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To those that are wrestling with their love for Mormonism but feel like the Church is wrong.

We love you.

The faithful and those like me that have left the Church love you. It is a frustrating time to be Latter-day Saint. You are asked to support things your inner voice tells you are wrong. The decision to follow the brethren or follow your own moral compass is a difficult one, and it is one that you will wrestle with all too regularly.

One thing that I am sure you and I can agree on is that President Uchtdorf is wrong: doubting is not easy. The mental strain and emotional exhaustion that comes with a faith transition can be debilitating and lonely. You can feel absolutely alone and blame yourself for a lack of faith. But you never asked for this. You never wanted this. You wanted everything you learned in primary to be true. You still want it to be. But you are faced with facts, and you are trying to figure out how to make it work.

I will understand if you decide to stay in the Church, even if I personally disagree. Everyone is different, and different things are right for different people. But if you decide to leave I want you to know something.

We are here with our arms outstretched.

We know how painful it is, and you are not alone! We have felt that pain, that sadness, that hole in our heart. We felt that feeling of being kicked out of our spiritual home even though we didn’t want to leave. We know what it’s like to feel like you are doing the right thing, but everyone else is telling you that you’ve been deceived. We know the conflicting emotions when you pass by the chapel. We know the anger you feel when you see someone treated poorly because of church doctrine or culture. We know that longing wish that if the people you loved would just read this or just understand this, maybe they would have a little more compassion for you. We the know the friction and the fights that it can cause with your spouse. We know that feeling of wanting to pray but feeling like you can’t trust God anymore – or if He even really exists. We know the tears that you have cried, because we have cried them too. It is truly awful.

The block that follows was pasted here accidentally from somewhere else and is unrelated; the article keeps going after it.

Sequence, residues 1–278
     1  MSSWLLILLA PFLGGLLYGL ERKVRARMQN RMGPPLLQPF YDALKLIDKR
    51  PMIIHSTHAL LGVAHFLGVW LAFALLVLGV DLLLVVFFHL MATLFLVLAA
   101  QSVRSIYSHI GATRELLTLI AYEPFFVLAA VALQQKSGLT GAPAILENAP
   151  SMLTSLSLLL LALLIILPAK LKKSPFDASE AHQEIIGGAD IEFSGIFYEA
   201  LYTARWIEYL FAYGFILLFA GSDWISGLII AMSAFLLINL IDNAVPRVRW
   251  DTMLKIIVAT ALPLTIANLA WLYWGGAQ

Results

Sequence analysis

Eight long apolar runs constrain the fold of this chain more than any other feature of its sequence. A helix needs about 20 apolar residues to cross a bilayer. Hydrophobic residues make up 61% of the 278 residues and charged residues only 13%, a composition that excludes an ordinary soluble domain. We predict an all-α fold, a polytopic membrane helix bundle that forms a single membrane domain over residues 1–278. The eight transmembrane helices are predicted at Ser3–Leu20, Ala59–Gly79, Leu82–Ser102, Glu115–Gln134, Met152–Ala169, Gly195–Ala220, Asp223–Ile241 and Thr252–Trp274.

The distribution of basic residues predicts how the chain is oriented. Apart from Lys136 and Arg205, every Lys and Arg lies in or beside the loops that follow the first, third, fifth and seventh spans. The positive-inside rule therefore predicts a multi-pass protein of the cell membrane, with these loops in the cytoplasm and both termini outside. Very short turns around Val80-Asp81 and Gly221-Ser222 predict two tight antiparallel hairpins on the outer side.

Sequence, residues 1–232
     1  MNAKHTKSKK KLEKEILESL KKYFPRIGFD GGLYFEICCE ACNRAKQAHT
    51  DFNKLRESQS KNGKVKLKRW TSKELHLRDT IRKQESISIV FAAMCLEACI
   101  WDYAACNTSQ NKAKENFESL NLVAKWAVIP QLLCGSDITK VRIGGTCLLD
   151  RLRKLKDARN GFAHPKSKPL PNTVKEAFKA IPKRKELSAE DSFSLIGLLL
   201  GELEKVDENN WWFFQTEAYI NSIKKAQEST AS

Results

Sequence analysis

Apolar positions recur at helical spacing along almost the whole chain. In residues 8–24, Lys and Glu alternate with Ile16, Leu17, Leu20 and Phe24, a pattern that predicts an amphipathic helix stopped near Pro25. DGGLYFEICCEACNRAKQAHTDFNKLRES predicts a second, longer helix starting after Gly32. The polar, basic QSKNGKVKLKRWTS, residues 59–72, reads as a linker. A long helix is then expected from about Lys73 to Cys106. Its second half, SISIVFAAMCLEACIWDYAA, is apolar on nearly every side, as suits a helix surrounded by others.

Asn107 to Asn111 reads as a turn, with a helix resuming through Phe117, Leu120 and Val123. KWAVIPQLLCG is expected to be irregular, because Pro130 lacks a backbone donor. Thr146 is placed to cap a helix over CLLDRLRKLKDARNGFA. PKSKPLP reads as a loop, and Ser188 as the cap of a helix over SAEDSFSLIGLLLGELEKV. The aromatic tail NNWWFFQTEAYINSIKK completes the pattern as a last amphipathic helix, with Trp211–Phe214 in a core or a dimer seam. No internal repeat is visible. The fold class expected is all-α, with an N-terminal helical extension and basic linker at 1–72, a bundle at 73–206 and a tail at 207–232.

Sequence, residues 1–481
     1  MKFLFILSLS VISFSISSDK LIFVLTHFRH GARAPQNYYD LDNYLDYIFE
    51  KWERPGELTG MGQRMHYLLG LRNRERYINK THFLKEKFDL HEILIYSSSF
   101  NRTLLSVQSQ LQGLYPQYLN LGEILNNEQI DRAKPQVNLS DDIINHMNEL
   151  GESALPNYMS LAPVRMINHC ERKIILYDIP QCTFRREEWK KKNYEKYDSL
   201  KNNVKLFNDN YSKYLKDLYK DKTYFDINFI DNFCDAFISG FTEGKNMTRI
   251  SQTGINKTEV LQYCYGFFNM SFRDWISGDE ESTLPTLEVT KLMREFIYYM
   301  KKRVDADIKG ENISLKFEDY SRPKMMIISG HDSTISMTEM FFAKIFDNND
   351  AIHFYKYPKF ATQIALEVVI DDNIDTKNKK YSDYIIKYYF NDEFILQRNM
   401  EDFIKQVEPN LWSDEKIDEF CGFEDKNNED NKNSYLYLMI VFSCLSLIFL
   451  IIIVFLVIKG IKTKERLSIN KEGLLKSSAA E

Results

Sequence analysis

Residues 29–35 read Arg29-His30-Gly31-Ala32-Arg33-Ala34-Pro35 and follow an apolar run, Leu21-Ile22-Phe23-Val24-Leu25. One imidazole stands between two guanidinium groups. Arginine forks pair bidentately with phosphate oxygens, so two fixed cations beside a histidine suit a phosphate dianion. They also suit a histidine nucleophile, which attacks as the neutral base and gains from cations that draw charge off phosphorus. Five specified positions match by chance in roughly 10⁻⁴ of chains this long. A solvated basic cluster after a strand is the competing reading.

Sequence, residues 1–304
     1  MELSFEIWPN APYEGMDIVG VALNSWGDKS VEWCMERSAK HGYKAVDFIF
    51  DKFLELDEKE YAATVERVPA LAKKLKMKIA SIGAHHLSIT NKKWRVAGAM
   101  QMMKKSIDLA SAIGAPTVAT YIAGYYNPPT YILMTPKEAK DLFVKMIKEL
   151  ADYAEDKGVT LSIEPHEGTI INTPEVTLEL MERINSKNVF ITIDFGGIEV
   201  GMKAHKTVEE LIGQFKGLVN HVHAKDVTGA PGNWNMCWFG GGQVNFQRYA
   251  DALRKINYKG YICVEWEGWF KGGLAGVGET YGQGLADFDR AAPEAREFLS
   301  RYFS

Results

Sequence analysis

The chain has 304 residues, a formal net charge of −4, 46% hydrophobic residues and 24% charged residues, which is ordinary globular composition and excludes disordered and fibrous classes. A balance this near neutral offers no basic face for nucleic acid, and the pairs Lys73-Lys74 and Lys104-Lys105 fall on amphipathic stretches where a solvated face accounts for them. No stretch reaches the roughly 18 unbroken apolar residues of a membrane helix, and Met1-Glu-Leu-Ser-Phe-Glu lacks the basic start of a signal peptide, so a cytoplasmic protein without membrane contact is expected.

You have probably been told your whole life that ex-Mormons are terrible, miserable, bitter people. Guess what: it isn’t that black and white. Some are bitter for a little bit, then move on. Some become destructive and fill their lives with complete negativity. Others spend their new time doing something constructive and charitable. Some don’t ever mention the Church again. If you decide to ascend out of the LDS Church, you get to do it on your terms.

If you are like me, you might be afraid of what your family will think. Or your boss. Or your friends. And that’s warranted. It can be really painful. In those moments, I cling to the truths that Mormonism did teach me: Dare to stand alone.

But you won’t really be alone. There are so many communities, online and in-person, that are here for you. We will listen to you vent. We will encourage you to chase your dreams. We won’t just tell you do whatever you want: if you are doing something destructive, we will try and help you see that. We will mourn with you when you are mourning, and we will comfort you when you stand in need of comfort. Don’t forget that many of us were RMs, Bishops, Stake Presidents, Young Women’s Leaders, Home Teachers, Sunday School Teachers, and every calling in between. We may no longer believe in the First Vision, but we still believe in the golden rule. Our God is love and we have no greater commandment than loving our fellow man. In this way, you can take the apostates out of Mormonism, but you can’t take the Mormonism out of the apostates.

If you decide to stay, speak up. There are many others like you. Any good change in the Church will come from the truly loving men and women in the ranks of its membership.

We know what it is like to feel rejected by the community that once accepted you. It can really hurt to do the right thing, then hear everyone tell you the light is gone from your eyes. It can feel like someone died, that you need to mourn for the life you thought you were going to have. We have felt that. We have walked a similar path. 

You don’t have to do what we did and leave. But if you do, we will be here for you. We will catch you, we will feed you, and we will heal together.

You are not alone.



Albert Carrington
Albert Carrington
Albert Carrington served as a member of the Quorum of the Twelve Apostles until he was excommunicated for adultery. During his disciplinary court, Elder Carrington tried to argue that he had only committed "a little folly in Israel!", but the current brethren couldn't be bothered to give him a break. Learn more about Elder Carrington here.

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